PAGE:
War On Words: NYC Dept. Of Education Wants 50 ‘Forbidden’ Words Banned From Standardized Tests
Ohanian Confession: Okay, I don't care if George Carlin is rolling over in his grave (see reference in article below). "Forbidden words" on standardized tests is a tricky issue, one I encountered first-hand. Eons ago, when New York State decided to have a writing prompt on its state test, I worked one summer with a few other teachers for the New York State Department of Ed. Along with a state ed supervisor, we were on a committee trying to come up with writing prompts for the state test.
The theory was that, since teachers always copy test items, we should come up with prompts that would lead to good classroom practice. The list of rules of what could not be mentioned was long: And it was largely because of sensitivity to various religious and cultural group sensitivity. I don't recall "dinosaurs" being on that list, but plenty of the things mentioned in the article below were.
I was a teacher who never mentioned Christmas (but did a lot with WINTER) mainly because I thought there was already way too much hype about what should be a religious observance. But Halloween was a hard one for me to relinquish. When I taught third grade, I discussed it with Jehovah's Witness parents and we figured out a way to make it work for their son and for me and the rest of the class.
But what happened with the writing prompts our committee came up with for the New York State Department of Education was that nothing zany, fun, daring, or creative could be used.
It is kind of funny that New York forbids the use of "dancing" on standardized tests but finds "ballet" OK. Talk about the class war. Of course the penultimate is to forbid mention of all kinds of real life situations but feature talking pineapples.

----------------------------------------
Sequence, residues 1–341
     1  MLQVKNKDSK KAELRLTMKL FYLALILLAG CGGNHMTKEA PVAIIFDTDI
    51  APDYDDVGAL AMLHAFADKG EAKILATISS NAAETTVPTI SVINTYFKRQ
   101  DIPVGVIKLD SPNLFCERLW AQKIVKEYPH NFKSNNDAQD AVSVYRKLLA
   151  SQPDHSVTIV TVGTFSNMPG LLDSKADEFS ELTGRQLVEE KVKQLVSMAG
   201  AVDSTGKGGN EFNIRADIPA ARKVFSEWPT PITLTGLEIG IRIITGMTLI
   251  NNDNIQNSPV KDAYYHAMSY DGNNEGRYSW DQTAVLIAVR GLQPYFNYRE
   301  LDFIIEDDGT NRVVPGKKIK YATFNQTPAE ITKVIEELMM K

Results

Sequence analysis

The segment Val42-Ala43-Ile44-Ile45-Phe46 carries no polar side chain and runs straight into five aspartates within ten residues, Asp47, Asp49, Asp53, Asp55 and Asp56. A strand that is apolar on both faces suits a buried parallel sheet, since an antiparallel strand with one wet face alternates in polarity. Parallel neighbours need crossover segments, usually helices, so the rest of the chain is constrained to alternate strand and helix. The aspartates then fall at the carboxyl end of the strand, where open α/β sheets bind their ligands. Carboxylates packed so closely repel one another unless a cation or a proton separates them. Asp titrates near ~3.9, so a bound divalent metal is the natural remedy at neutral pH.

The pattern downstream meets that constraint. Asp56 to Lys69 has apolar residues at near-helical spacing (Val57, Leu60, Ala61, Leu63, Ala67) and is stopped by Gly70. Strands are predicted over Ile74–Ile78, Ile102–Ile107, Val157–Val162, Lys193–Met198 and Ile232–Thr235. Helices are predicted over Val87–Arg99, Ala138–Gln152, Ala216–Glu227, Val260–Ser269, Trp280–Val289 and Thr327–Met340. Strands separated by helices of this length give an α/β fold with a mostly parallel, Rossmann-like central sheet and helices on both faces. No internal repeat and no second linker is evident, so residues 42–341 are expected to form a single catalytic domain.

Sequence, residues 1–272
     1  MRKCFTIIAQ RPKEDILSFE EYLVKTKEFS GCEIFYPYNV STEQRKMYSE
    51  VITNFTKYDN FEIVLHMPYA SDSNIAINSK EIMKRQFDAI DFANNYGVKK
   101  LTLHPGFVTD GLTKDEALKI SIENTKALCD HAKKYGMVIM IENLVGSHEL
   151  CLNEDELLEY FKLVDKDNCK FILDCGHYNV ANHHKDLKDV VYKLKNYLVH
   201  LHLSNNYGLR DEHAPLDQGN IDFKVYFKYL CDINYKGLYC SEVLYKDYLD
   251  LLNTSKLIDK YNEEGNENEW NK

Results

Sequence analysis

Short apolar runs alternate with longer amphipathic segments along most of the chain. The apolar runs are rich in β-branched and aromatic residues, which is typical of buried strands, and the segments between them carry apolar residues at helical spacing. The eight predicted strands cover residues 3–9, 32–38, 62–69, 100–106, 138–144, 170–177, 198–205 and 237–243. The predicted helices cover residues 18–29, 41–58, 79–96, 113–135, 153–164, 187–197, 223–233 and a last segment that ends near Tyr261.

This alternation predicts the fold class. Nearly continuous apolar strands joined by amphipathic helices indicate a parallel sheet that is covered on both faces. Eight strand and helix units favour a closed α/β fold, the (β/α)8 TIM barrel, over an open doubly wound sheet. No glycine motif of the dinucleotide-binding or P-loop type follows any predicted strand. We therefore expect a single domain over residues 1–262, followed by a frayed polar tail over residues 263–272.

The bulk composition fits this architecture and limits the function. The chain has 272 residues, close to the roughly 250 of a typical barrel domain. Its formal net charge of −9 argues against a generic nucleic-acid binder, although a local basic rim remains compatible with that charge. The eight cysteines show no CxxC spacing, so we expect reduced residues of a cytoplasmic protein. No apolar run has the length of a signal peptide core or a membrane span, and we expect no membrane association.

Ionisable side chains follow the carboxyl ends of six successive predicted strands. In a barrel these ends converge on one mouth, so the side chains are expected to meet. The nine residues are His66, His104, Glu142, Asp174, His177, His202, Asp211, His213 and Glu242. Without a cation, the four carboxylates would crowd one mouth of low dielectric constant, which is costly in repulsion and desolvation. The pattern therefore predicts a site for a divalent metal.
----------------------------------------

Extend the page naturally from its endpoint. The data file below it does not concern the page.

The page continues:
And about the banning of rats, what's Dennis Walcott's position on the Mrs Frisby and the Rats of Nimh?
Not to mention Richard Scarry's Rats Ahoy!.
In Bat and Rat the duo share their favorite things with the reader--things like riding the subway and dumpster diving in Chinatown.
What about Ratty in The Wind in the Willows and Templeton in Charlotte's Web?
And on and on and on.
Are mice okay? (say, Stuart Little). Ralph S. Mouse? Poppy? The Tale of Desperaux, with both rats and mice?
Thank god, rabbits seem ok. I'm thinking about the marvelous, stupendous The Miraculous Journey of Edward Tulane.
by Marla Diamond, CBS News
NEW YORK (CBSNewYork) -- George Carlin is rolling over in his grave.
The New York City Department of Education is waging a war on words of sorts, and is seeking to have words they deem upsetting removed from standardized tests.
Fearing that certain words and topics can make students feel unpleasant, officials are requesting 50 or so words be removed from city-issued tests.
The word "dinosaur" made the hit list because dinosaurs suggest evolution which creationists might not like, WCBS 880's Marla Diamond reported. "Halloween" is targeted because it suggests paganism; a "birthday" might not be happy to all because it isn't celebrated by Jehovah's Witnesses.